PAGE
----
Millions being delivered for the water sector, but billions are needed

By Merylyn Hedger and Sejal Patel

The recent Fiji/ Bonn COP grappled with the mobilisation of finance for country’s Nationally Determined Contributions (NDCs). These NDCs are a powerful framework for setting out national climate action priorities, with ongoing revisions, and guiding national efforts to address climate change challenges, including climate resilience of which climate-resilient infrastructure is key.

The inclusion of adaptation in the first round of (Intended) Nationally Determined Contributions, prior to the Paris COP, was a contested issue. Developed countries wanted the focus to be on mitigation. For developing countries that covered adaptation in their NDCs, water was the priority sector for action. In the UNFCCC Synthesis of NDCs, capturing the submissions of 161 parties, water emerges as the leading sector for adaptation actions (emphasized by 137 developing countries). Proposed actions and measures for the water sector in the NDC reports covered water conservation, increased supply measures, wastewater treatment and better water management efforts[1].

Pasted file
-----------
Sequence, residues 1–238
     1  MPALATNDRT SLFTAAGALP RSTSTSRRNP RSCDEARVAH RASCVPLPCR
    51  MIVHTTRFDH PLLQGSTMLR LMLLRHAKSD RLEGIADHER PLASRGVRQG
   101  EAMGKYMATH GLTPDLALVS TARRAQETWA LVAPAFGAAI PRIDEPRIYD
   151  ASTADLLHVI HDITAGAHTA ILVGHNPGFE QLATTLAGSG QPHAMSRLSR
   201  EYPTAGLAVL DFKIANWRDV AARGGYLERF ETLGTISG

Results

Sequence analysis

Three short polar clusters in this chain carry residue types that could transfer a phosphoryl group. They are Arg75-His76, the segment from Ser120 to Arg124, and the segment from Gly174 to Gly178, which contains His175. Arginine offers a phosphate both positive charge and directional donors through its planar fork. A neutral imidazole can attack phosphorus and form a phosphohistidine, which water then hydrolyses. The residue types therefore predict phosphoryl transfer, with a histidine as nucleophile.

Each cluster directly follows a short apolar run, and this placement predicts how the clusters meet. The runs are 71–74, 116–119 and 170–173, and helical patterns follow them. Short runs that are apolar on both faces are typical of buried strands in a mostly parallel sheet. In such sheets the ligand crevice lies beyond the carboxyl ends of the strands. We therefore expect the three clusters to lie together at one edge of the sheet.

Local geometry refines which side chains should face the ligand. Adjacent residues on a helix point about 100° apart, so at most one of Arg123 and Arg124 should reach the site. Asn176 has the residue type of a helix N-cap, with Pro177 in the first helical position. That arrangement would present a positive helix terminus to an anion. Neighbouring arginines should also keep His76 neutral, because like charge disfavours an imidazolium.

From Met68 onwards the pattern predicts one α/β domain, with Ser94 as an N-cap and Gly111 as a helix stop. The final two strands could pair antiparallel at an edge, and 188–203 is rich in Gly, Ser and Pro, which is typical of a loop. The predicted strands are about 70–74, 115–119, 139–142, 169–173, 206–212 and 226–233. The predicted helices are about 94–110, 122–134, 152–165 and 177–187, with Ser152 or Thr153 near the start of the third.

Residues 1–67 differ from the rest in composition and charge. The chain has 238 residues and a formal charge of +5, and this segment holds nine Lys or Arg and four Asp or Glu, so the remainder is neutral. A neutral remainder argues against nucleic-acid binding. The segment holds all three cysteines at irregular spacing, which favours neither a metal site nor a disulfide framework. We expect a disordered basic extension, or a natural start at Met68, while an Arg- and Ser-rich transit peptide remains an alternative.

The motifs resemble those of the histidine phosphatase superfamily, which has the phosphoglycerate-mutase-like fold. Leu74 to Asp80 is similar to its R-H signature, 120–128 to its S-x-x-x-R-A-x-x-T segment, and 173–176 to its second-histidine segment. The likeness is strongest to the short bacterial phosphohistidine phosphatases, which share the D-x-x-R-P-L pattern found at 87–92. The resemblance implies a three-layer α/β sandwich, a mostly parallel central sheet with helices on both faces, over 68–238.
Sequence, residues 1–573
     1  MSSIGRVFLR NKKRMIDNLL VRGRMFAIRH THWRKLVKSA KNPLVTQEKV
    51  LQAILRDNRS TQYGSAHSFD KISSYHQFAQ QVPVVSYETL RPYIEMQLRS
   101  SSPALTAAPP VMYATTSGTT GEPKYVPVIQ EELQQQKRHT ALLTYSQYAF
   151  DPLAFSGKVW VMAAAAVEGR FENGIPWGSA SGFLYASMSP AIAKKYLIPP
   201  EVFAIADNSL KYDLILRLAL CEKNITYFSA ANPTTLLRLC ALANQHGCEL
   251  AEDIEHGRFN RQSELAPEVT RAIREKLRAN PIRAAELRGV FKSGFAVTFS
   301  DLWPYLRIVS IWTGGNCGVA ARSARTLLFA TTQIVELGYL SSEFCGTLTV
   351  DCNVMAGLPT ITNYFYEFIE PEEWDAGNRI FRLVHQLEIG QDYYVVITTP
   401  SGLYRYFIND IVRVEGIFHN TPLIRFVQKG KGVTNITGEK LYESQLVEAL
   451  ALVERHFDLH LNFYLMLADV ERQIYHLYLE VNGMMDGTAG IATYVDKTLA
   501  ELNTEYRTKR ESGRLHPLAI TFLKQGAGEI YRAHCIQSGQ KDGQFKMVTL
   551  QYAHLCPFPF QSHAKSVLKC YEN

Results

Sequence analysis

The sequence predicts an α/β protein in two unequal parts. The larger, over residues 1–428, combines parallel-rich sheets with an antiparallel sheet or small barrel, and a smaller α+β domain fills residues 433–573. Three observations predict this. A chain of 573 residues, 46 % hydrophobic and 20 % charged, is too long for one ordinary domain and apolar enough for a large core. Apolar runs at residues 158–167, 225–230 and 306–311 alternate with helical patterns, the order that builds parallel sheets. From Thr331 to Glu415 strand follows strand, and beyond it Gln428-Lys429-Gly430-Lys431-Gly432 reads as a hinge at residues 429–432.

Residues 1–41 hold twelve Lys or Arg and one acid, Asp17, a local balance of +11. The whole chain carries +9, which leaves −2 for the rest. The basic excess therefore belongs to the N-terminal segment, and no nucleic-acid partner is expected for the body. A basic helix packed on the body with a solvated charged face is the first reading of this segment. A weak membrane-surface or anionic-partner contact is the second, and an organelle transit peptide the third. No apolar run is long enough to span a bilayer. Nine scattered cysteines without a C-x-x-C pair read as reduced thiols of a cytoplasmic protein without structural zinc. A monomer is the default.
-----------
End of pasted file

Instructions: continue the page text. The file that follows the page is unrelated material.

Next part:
Key climate hazards identified by developing countries also relate to the water sector. Floods were raised by more than 80 countries and droughts by more than 70, coastal erosion in over 20 countries and saltwater intrusion in over 20 countries. Also mentioned is decreased precipitation over 40 countries, changes in precipitation timing over 40 countries and increased precipitation intensity over 30 countries [2].

This is not surprising. The impacts of climate change will be channelled primarily through the water cycle with consequences that could be large and uneven across the globe, according to the World Bank[3]. Importantly, water is also key to the world’s ability to cope with climate change. Growing populations, rising incomes and expanding cities will converge upon a world where the demand for water rises exponentially, while supply becomes more erratic and uncertain[4].

Momentum to address challenges in the water sector have been building in international development debates. For the first time in history, the international community adopted a global water goal as the Sustainable Development Goal (SDG) six on water, part of the 2030 sustainable development agenda. Since 2012, water crisis has been in the World Economic Forum’s top five global risks each year. Water scarcity or the lack of water to meet the demand of a population is a critical issue for more than 40 per cent of the world population and affects over 1.7 billion.


So how much climate finance is needed for the water sector?